Episode 178 – L33T Learning Siri

 

Just say no to enabling autonomous bots & drones with the ability to apply lethal force.  Following on last week’s episode 177, Michael & Michael start off with a continuation of the discussion on the Pandora’s Box of armed robots.

Moving on to a happier topic, while still staying on the machine learning concept, the pair talks about how Siri and other voice interactive systems have been improved with deep learning.  Not just recorded scripts, but actual intelligence, and more natural interaction is apparent when you listen to how far things have come since the earliest days of Siri — listen to the examples from the Apple Machine Learning Journal article, and we think you’ll agree.

Understanding that you’re talking with a bot vs a human is important to help avoid the uncanny valley where the interaction becomes weird vs expected — perhaps this is why Michael R preferred the Australian accent reminiscent of J.A.R.V.I.S, and how in Star Trek and other science fiction, interaction with the computer was prefaced with “computer!” before issuing a request.

Feedback loops getting faster & faster, which is really evident in machine learning examples applied to games.  When the machine — the program — is experimenting with the game to learn, and figure out what is rewarded, what is not rewarded, and determine a heuristic model for playing the game, which for a human is for fun and for the machine learning example is to maximize the outcome.  The example from the O’Reilly article was particularly intriguing to Michael M who wondered why the AI playing the game did not scoop up each and every present while playing the game.  Michael R made the interesting point that if the machine learning algorithms assume that there’s an infinite number of presents ahead, it makes more sense to quickly move forward and grab the presents because there are more ahead of you than behind.  The screenshot above is from a machine learning model playing Super Mario Kart, where it is easy to see how machine learning quickly gets better and better with successive plays of the game.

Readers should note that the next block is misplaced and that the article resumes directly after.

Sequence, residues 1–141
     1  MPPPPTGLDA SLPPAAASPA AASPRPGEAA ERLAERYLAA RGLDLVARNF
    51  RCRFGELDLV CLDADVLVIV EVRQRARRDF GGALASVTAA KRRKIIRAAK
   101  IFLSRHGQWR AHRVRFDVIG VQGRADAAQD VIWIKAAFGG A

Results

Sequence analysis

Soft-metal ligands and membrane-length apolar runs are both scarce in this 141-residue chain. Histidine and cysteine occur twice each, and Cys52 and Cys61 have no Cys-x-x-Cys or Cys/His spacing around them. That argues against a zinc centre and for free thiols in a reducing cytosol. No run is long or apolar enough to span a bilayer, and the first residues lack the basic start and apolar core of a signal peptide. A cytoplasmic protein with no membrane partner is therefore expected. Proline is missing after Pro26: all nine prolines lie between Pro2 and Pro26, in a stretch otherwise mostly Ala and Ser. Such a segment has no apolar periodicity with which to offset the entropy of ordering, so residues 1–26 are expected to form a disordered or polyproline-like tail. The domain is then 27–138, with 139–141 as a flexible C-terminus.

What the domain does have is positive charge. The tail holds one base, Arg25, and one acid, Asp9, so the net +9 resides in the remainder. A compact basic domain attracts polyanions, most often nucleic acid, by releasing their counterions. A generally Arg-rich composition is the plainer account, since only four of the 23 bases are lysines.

Closing out this episode, Michael and Michael include David Ma’s videos of food imagined in the style of  famous directors, a funny song about waffles and a discussion on Zork.  Hope you enjoy these tasty treats!

Selected links 

last week’s show, E177 — What could possibly go wrong? — http://gamesatwork.biz/2017/08/31/episode-177-what-could-possibly-go-wrong/

An open letter to the United Nations Convention on Certain Conventional Weapons — https://futureoflife.org/autonomous-weapons-open-letter-2017

We don’t have long to act — https://qz.com/1058280/we-do-not-have-long-to-act-teslas-tsla-elon-musk-and-others-warn-the-un-about-autonomous-weapons

Six Colors article:  Deep Learning Improves Siri’s voice — https://sixcolors.com/link/2017/08/deep-learning-improves-siris-voice/

Apple’s Machine Learning Journal:  Deep Learning for Siri’s Voice: On-device Deep Mixture Density Networks for Hybrid Unit Selection Synthesis — https://machinelearning.apple.com/2017/08/06/siri-voices.html

Uncanny Valley — https://en.wikipedia.org/wiki/Uncanny_valley

J.A.R.V.I.S. — https://en.wikipedia.org/wiki/Edwin_Jarvis#J.A.R.V.I.S.

O’Reilly article:  Bringing gaming to life with AI and deep learning — https://www.oreilly.com/ideas/bringing-gaming-to-life-with-ai-and-deep-learning

YouTube:  Super MarI/O Kart Commentary — https://www.youtube.com/watch?v=S9Y_I9vY8Qw